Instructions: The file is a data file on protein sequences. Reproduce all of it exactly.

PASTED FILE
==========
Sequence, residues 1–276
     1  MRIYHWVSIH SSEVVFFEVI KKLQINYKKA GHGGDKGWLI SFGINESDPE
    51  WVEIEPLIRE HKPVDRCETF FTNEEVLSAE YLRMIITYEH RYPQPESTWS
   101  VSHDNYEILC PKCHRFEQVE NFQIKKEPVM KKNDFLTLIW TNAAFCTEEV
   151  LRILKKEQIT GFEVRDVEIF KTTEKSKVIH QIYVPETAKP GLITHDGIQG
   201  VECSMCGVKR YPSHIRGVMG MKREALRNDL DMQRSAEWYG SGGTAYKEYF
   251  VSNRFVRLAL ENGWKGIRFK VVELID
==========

Sequence, residues 1–276
     1  MRIYHWVSIH SSEVVFFEVI KKLQINYKKA GHGGDKGWLI SFGINESDPE
    51  WVEIEPLIRE HKPVDRCETF FTNEEVLSAE YLRMIITYEH RYPQPESTWS
   101  VSHDNYEILC PKCHRFEQVE NFQIKKEPVM KKNDFLTLIW TNAAFCTEEV
   151  LRILKKEQIT GFEVRDVEIF KTTEKSKVIH QIYVPETAKP GLITHDGIQG
   201  VECSMCGVKR YPSHIRGVMG MKREALRNDL DMQRSAEWYG SGGTAYKEYF
   251  VSNRFVRLAL ENGWKGIRFK VVELID